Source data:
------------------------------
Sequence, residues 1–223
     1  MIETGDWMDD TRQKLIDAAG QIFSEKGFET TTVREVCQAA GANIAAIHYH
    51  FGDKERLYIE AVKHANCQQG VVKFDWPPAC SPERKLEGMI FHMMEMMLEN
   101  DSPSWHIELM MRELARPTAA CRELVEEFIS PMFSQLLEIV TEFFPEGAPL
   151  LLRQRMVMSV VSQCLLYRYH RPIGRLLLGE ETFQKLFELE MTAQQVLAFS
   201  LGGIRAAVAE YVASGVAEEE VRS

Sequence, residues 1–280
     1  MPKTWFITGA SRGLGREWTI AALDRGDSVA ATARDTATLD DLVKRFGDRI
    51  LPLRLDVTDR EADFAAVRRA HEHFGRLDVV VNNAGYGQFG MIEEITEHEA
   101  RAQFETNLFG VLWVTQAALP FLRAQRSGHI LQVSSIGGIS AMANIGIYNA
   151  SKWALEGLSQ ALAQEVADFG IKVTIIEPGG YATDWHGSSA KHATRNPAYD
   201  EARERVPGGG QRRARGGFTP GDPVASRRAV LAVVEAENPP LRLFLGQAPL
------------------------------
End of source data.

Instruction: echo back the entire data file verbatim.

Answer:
Sequence, residues 1–223
     1  MIETGDWMDD TRQKLIDAAG QIFSEKGFET TTVREVCQAA GANIAAIHYH
    51  FGDKERLYIE AVKHANCQQG VVKFDWPPAC SPERKLEGMI FHMMEMMLEN
   101  DSPSWHIELM MRELARPTAA CRELVEEFIS PMFSQLLEIV TEFFPEGAPL
   151  LLRQRMVMSV VSQCLLYRYH RPIGRLLLGE ETFQKLFELE MTAQQVLAFS
   201  LGGIRAAVAE YVASGVAEEE VRS

Sequence, residues 1–280
     1  MPKTWFITGA SRGLGREWTI AALDRGDSVA ATARDTATLD DLVKRFGDRI
    51  LPLRLDVTDR EADFAAVRRA HEHFGRLDVV VNNAGYGQFG MIEEITEHEA
   101  RAQFETNLFG VLWVTQAALP FLRAQRSGHI LQVSSIGGIS AMANIGIYNA
   151  SKWALEGLSQ ALAQEVADFG IKVTIIEPGG YATDWHGSSA KHATRNPAYD
   201  EARERVPGGG QRRARGGFTP GDPVASRRAV LAVVEAENPP LRLFLGQAPL